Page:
Above: Red eye, blue eye, aye-aye. Phyllis Kirk and Vincent Price in House of Wax (click to enlarge).
It was New Year’s Eve, and our segue into the new decade kicked off with the two of them in formal attire, and my eleven-year-old body packed into a tailored suit. (Dad supposedly made big bucks; mom rarely bought off the rack.) But as nine o’clock rolled around, we learned that dad had made arrangements that didn’t include us. My parents exchanged heated words right out on the front lawn, within earshot of four or five houses in the neighborhood. He slammed the door of his car and went off into the night — to screw his secretary, as I’d find out years later. He would never live with us again.
Her best jewelry dangling, her hair ‘done,’ and her ‘face on’ (do women still ‘put their face on,’ I wonder?), mom sat at the kitchen table, frantically pouring over the newspaper to find something for us to do, muttering about “getting out of the house.” The next thing I knew she was grabbing me by the arm and telling me to get into the car.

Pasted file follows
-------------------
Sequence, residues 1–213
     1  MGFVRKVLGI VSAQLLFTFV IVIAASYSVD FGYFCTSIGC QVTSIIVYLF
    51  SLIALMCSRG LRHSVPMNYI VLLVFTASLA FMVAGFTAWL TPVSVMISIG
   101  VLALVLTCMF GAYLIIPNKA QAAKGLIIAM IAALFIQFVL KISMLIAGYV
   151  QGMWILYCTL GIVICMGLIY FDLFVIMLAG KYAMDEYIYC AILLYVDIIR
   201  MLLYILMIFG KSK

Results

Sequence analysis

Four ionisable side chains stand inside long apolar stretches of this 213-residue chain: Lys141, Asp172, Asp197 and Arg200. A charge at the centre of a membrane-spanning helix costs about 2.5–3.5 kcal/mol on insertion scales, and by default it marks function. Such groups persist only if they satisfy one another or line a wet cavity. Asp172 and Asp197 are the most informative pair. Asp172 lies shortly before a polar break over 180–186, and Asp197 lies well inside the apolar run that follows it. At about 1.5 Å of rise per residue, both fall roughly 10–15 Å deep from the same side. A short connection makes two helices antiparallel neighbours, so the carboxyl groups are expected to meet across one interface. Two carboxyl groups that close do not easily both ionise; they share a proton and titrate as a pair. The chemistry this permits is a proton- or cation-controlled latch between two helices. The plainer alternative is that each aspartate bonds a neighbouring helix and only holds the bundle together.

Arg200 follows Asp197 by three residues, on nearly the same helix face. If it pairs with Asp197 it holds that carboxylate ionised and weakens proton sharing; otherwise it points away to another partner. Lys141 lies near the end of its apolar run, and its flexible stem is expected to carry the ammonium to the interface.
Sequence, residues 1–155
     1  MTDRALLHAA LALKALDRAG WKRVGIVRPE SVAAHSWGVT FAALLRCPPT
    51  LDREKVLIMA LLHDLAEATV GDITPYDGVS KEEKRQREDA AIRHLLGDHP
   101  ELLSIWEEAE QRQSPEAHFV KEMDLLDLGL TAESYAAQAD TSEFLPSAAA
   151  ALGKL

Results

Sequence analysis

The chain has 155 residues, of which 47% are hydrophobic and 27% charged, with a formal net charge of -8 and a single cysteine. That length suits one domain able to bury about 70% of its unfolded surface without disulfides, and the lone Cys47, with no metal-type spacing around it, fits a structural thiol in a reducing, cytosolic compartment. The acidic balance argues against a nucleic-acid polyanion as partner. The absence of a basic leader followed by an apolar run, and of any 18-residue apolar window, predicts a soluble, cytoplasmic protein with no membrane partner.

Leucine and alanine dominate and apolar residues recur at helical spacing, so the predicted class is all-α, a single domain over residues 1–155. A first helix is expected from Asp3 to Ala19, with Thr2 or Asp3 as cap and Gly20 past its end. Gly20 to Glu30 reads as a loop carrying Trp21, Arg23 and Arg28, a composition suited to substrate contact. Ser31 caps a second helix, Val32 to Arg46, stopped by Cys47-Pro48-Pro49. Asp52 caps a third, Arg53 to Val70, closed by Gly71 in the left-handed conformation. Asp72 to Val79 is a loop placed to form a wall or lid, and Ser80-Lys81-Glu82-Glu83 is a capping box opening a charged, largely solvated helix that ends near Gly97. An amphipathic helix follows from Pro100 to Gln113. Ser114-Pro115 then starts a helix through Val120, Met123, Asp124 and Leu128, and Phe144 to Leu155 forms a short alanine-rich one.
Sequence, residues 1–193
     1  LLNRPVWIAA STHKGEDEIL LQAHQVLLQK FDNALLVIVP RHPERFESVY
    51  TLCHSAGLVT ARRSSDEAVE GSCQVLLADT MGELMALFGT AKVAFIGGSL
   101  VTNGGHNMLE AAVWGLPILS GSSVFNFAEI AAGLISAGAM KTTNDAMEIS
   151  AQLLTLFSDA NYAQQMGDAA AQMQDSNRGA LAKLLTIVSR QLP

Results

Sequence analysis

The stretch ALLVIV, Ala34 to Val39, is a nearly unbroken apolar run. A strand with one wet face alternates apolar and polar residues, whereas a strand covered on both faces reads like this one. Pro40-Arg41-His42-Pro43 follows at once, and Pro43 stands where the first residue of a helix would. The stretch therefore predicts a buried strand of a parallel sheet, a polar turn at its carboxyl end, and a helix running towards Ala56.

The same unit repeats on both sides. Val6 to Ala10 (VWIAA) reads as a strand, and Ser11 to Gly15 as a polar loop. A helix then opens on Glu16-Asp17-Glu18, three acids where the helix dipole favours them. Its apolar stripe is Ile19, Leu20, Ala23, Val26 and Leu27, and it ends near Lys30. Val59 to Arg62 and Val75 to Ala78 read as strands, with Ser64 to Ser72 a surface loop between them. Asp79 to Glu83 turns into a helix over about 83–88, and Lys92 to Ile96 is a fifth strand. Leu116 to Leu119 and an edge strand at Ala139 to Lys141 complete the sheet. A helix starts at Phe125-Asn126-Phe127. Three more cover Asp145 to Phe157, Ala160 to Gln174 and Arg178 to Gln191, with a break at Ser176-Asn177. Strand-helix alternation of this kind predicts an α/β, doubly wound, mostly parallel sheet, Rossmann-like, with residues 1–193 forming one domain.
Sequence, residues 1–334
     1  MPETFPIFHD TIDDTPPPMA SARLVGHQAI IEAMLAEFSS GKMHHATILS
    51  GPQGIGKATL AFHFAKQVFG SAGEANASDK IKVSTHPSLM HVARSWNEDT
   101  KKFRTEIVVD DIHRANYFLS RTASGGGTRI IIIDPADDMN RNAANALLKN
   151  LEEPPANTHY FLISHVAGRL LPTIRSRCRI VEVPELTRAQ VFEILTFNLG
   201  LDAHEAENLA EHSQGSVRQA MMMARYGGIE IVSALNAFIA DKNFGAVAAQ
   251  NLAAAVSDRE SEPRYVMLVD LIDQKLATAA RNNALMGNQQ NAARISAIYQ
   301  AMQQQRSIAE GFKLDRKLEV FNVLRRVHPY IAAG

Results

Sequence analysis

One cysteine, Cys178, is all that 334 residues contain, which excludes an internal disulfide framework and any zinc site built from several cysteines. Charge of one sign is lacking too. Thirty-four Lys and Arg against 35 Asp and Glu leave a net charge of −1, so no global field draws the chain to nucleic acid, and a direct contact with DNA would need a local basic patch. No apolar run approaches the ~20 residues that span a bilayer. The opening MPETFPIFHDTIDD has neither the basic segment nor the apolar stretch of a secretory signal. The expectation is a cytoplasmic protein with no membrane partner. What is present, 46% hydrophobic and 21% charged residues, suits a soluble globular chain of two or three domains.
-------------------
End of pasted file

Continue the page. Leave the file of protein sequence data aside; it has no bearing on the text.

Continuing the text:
We drove to a movie theatre for a ten o’clock show, a revival of the 3D horror movie, House of Wax (1953), still suited up so elegantly for New Year’s Eve. My guess is that mom ‘wanted people to think’ we were going out clubbing afterward. She was always deathly afraid of ‘what people might think,’ and it would take me more than twenty fucking years until I understood what a crock of shit that is — hence my awareness of the adages that float around counseling sessions and 12-Step programs.
There were five or six people in the audience, a sad little group doing their best to get through a tough night without reaching for the razor. Unwanted, uninvited to party, cast aside to watch Vincent Price and a young Charles Bronson terrorize Caroline Jones and Frank Lovejoy in 3D. I’m sure the usher and the popcorn girl would’ve been hanging themselves if they weren’t so young and hopeful.
3D means wearing glasses and mom had hers on, a cardboard veil that did nothing to hide the stream of tears running down her face onto her pearl necklace. For some ninety minutes she sobbed quietly, even during the one interesting and lively scene I remember, a barker playing paddleball to the camera.